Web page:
Time at the South Pole
kenlevy at home.com
Sat Jan 5 03:26:30 UTC 2002
I've just reviewed the tz database for the first time and want to complement all the contributors. My contribution has to do with time at the South Pole.
Information is a bit dated (1999), but in her book Ice Bound: A Doctor's Incredible Battle for Survival at the South Pole, Dr. Jerri Nielsen relates that the South Pole Amundsen/Scott Station changes the time it observes based on the season (Summer or Winter). In the summer season, the station observes the same time standards as McMurdo Station (to make it easier to co-ordinate supply flights - Note: McMurdo, in turn, orients their clocks to their NZ supply bases in Christchurch). Once the station is closed to flights (temperatures drop below the point where jet fuel turns to gel), they switch their clocks to co-ordinate with the schedules of their administrative support team (US contractor) in Englewood, Colorado. They remain on that time until flights restart in the Antarctic Summer. As the dates vary with local climatic conditions, I'm not sure that it is possible to code a "prospective" algorithm. Also, time zone seems a bit irrelevant in a location which sees total darkness for six months of the year, the sun never gets more than 23.5 degrees above the horizon, and twilight lasts several weeks before sunrise and after sunset. (all are described in the book).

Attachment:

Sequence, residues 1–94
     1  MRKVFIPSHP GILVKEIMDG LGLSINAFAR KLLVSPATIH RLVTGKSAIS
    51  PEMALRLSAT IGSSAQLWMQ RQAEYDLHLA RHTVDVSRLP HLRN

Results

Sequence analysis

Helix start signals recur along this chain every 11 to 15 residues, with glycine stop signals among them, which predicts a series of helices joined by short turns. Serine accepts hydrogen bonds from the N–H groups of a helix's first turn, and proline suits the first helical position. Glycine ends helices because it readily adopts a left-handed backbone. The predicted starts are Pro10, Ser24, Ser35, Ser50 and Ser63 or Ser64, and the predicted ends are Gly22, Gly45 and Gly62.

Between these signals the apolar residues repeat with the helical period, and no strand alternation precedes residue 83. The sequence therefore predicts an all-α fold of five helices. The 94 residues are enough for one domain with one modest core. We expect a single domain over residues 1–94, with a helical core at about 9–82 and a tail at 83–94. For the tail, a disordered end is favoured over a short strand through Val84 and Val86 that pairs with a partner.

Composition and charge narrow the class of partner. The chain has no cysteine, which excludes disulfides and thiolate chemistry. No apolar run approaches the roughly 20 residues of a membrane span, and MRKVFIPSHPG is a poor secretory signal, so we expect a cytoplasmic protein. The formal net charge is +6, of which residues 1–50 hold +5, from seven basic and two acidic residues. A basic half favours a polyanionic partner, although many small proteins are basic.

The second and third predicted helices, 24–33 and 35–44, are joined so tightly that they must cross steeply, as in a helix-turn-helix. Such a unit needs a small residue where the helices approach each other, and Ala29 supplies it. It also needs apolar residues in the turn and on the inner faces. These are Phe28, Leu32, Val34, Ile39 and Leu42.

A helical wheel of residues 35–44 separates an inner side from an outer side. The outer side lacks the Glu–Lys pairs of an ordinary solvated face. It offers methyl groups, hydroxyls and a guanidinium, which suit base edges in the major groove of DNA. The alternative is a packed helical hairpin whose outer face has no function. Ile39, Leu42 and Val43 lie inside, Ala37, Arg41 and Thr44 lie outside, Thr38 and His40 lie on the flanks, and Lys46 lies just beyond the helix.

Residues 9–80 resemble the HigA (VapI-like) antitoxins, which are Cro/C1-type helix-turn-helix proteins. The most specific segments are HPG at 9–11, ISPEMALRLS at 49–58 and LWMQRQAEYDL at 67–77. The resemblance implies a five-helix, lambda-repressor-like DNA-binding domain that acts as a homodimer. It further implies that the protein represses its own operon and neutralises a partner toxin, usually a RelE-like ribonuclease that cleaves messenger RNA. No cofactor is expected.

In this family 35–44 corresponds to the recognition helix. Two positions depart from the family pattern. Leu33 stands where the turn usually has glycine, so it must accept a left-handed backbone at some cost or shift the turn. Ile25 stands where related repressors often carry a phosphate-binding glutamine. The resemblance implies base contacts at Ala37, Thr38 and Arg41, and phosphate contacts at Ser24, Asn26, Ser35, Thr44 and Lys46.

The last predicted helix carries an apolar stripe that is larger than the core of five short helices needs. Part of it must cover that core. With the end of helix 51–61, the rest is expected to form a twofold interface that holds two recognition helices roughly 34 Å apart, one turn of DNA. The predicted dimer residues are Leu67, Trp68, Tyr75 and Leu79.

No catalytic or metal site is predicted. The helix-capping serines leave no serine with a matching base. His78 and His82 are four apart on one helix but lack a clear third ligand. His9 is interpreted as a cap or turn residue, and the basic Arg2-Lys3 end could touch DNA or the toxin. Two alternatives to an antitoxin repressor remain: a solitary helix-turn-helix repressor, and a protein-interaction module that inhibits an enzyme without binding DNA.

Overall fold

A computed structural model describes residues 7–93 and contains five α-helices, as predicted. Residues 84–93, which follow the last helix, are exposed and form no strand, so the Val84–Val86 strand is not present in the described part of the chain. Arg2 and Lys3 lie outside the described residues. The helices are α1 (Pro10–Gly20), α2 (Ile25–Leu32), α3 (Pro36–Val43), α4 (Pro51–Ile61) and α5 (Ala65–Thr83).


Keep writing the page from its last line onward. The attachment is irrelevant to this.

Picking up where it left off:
BTW, Nielsen's book is fascinating, not just from the perspective of an individual battling cancer in a truly (i.e., no external access for nine months) isolated location, but also from her description of what life is like at the polar station. Living in cramped, cold quarters with several dozen people for nine months where water is strictly rationed because of the energy required to melt it reminds me of some of the descriptions I've read about the space stations and their UNIQUE fragrance.
I read somewhere that the contractor the National Science Foundation uses was changed recently, so I am not sure whether they are continuing to follow this timezone practice.
Which brings up the question, what time does the International Space Station run on (Houston, UTC?) and should it be included in the tz files?
When Rutan and Yeager made their round-the-world-without-refueling flight, what time did they observe? What time do International flights which cross time zones observe? Inquiring minds want to know . . . ;-)
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